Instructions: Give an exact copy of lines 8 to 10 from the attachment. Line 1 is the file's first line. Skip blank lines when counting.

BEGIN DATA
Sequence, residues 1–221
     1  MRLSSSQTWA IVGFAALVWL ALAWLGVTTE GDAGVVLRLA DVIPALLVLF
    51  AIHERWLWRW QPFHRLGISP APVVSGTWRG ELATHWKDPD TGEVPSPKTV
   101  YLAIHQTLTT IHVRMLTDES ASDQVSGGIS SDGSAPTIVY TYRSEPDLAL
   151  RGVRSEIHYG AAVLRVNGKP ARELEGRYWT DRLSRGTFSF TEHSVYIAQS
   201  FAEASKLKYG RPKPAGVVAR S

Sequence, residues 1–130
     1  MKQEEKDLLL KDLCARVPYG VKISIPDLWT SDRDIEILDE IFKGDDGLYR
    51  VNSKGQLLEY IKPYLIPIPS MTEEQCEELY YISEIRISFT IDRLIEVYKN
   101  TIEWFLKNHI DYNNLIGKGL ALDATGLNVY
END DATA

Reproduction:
     1  MKQEEKDLLL KDLCARVPYG VKISIPDLWT SDRDIEILDE IFKGDDGLYR
    51  VNSKGQLLEY IKPYLIPIPS MTEEQCEELY YISEIRISFT IDRLIEVYKN
   101  TIEWFLKNHI DYNNLIGKGL ALDATGLNVY